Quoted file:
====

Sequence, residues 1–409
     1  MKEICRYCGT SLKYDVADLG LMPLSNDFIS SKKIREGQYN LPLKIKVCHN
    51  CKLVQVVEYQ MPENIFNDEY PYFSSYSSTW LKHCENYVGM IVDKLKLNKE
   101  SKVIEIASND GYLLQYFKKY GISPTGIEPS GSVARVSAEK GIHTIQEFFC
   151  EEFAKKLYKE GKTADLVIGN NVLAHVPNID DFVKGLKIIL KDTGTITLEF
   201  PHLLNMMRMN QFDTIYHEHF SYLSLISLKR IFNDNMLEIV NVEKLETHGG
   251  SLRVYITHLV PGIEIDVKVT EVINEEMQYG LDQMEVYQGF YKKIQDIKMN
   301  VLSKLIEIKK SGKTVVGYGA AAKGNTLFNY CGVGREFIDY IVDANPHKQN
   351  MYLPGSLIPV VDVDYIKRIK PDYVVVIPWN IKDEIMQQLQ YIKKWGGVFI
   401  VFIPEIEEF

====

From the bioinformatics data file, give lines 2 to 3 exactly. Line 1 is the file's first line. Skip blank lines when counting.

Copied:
     1  MKEICRYCGT SLKYDVADLG LMPLSNDFIS SKKIREGQYN LPLKIKVCHN
    51  CKLVQVVEYQ MPENIFNDEY PYFSSYSSTW LKHCENYVGM IVDKLKLNKE